Walter Reed's World of Hurt, Hope

By Susan Levine
Washington Post Staff Writer
Wednesday, April 5, 2006

Solomon Montgomery wakes up early on workdays. Hours before dawn, the first thing he does is pray.

He prays for the soldiers he will try to help that day, whose bodies were ravaged during attacks in Iraq. He prays that their families find comfort and courage. And with no end to the bloodshed in sight, he asks God for support. "Lord," he says, "give me the strength to do my job."

At 7 a.m., he reports for duty at Walter Reed Army Medical Center. The war remains ubiquitous in the operating rooms, some of which are set aside for the returning wounded, and on the wards, where amputees begin coming to terms with their new realities. Montgomery, a physical therapy assistant with the bulk of a former defensive end, works in a ball- and mat-filled space where, hour after hour, he challenges and cheers on brain-injured soldiers not much older than his own teenager.

So many have arrived in the past three years -- so many continue to arrive -- that they have transformed the hospital's routine. The staff has been redeployed, programs created, a special military company activated just for the injured. "This has become our normal," a nurse explains. But the cumulative effect of nearly 4,900 patients, including 1,458 battle casualties, has done more than change the institution. It has deeply affected the hundreds of doctors, nurses and therapists who work there -- who have been inspired by the resiliency and motivation of the individuals in their care, yet shaken and exhausted by the magnitude of loss.

Since the first soldier was admitted March 28, 2003, nine days after the invasion of Iraq, Walter Reed has confronted damage of daunting proportion: limbs blown off, guts blown open, brains devastated by piercing shrapnel or by concussive explosions, or maybe all that and more. The youth of the wounded elicits sadness, even tears. The veteran staff members look at these patients and see their sons and daughters. Their younger counterparts see siblings, friends.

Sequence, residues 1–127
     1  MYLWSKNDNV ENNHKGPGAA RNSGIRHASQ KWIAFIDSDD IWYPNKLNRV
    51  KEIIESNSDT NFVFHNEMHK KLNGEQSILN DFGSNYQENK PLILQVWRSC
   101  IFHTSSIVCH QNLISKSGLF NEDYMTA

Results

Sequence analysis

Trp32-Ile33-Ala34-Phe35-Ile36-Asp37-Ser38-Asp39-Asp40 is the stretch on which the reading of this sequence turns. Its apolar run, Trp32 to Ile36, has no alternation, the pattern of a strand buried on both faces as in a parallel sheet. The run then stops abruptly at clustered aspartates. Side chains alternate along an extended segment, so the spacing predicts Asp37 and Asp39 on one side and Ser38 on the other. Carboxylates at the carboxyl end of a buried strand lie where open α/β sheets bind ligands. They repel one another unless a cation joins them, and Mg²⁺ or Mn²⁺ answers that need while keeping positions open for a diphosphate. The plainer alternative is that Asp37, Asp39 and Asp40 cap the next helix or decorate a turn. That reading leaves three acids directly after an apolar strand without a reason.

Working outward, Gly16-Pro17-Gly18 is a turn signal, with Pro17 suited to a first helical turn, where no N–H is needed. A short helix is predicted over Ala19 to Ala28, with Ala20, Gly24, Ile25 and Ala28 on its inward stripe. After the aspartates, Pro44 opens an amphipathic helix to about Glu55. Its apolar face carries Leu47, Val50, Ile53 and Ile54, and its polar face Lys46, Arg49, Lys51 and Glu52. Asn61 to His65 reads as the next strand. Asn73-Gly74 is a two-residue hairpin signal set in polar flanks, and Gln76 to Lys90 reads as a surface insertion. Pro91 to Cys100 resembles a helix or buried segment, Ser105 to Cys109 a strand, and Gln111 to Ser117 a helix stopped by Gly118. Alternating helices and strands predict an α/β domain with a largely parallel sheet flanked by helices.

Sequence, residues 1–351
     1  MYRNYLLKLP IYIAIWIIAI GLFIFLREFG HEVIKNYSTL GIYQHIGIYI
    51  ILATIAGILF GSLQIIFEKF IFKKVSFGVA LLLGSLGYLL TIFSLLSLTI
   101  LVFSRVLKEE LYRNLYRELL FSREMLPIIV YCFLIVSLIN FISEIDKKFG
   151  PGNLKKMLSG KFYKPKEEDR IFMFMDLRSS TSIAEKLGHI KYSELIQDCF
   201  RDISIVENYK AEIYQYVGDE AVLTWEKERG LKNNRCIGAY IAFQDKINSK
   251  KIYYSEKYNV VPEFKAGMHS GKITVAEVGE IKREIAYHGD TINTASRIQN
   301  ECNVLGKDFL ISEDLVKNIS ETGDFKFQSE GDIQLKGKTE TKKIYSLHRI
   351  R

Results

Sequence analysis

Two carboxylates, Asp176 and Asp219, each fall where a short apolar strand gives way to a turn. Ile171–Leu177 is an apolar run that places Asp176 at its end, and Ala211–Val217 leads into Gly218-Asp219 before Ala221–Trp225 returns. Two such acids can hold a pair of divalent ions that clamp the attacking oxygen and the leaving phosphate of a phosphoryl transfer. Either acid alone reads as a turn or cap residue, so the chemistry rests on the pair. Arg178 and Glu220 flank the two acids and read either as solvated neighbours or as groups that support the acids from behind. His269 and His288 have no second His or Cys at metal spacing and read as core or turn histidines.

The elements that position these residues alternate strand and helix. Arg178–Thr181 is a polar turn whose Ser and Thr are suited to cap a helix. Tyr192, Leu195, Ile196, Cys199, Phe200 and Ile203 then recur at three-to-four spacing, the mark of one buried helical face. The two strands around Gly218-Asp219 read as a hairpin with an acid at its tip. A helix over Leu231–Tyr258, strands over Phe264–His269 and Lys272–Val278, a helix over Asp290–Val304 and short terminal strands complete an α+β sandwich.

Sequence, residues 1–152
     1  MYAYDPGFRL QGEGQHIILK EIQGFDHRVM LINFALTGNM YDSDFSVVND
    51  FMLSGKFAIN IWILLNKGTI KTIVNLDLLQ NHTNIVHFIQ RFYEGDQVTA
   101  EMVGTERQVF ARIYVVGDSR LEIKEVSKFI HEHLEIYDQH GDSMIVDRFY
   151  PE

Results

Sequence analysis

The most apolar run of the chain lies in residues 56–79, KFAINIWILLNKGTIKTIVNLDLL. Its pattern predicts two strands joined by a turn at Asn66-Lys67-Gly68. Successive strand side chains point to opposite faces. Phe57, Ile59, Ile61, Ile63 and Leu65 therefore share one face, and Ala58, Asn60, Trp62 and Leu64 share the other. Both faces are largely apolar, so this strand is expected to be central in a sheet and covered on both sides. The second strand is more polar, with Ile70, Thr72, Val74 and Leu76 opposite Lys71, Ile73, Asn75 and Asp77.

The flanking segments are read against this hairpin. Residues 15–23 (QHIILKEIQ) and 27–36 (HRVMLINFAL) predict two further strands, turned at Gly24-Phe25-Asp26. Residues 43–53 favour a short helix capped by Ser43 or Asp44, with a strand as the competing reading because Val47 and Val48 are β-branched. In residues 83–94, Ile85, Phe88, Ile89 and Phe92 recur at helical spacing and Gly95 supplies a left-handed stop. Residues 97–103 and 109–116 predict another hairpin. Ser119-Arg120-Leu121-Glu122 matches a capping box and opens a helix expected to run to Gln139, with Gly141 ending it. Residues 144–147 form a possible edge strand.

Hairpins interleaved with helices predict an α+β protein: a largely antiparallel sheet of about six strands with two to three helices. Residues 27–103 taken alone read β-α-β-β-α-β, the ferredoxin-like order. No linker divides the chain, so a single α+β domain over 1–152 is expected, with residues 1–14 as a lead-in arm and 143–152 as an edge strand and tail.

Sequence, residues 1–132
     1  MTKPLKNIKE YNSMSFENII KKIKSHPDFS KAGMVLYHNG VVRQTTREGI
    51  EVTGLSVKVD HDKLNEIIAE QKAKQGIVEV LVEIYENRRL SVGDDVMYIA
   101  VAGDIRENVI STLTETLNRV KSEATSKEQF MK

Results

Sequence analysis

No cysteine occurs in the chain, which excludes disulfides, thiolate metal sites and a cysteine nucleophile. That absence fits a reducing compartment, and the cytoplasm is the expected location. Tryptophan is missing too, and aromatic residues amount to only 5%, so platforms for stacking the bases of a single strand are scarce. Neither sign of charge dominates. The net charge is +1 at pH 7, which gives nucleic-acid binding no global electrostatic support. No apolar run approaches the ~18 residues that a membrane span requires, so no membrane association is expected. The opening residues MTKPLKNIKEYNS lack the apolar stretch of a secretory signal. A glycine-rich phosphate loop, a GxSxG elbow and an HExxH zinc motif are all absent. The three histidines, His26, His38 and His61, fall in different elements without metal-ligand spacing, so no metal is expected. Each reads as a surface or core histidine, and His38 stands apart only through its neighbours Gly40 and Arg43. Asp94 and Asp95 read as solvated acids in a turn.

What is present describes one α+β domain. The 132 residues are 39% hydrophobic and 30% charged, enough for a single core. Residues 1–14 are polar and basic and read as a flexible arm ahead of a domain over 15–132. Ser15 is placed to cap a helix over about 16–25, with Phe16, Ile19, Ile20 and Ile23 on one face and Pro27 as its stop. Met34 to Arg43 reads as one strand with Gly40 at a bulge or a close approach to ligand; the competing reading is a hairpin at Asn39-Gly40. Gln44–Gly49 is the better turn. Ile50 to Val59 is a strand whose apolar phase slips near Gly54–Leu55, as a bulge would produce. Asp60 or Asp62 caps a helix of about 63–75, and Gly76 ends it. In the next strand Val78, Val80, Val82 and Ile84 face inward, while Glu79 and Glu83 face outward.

"That's always my worst nightmare, that I'm going to take care of someone I know," says Capt. Matthew Hueman, a 31-year-old surgical resident whose West Point class has suffered casualties in the war.

Six thousand miles from the actual mortar fire, grenades and roadside bombs, it amounts to a different kind of combat fatigue.

At the start, they expected that the transports of casualties would taper off quickly. But three times a week, the white buses from Andrews Air Force Base still turn off Georgia Avenue NW through the hospital's main gate. They pull slowly up the looping drive to where a double line of gurneys and a small company of gown-clad escorts wait, and then each bus's back door swings open, revealing the litters of patients. Some soldiers are only 48 hours off the battlefield. The most critically injured are unloaded with so much medical equipment they are scarcely visible beneath it.

A pause to lower a litter, convey charts and untangle tubes, and then the new arrival is whisked inside, under the Walter Reed banner proclaiming "We provide warrior care" and on to a triage room.

That pause is all Michael Wagner needs to say, "Welcome home."

Over the past 2 1/2 years, the chief of the hospital's Medical Family Assistance Center estimates that he has greeted hundreds of patients, as well as thousands of family members. His first weeks, he struggled to find the right words. "This guy's missing a leg. What do I say to him?" he wondered. Until he understood: "They're not legs, they're not arms. They're human beings."

These days, the psychologist talks to spouses and parents with a gentle bluntness.

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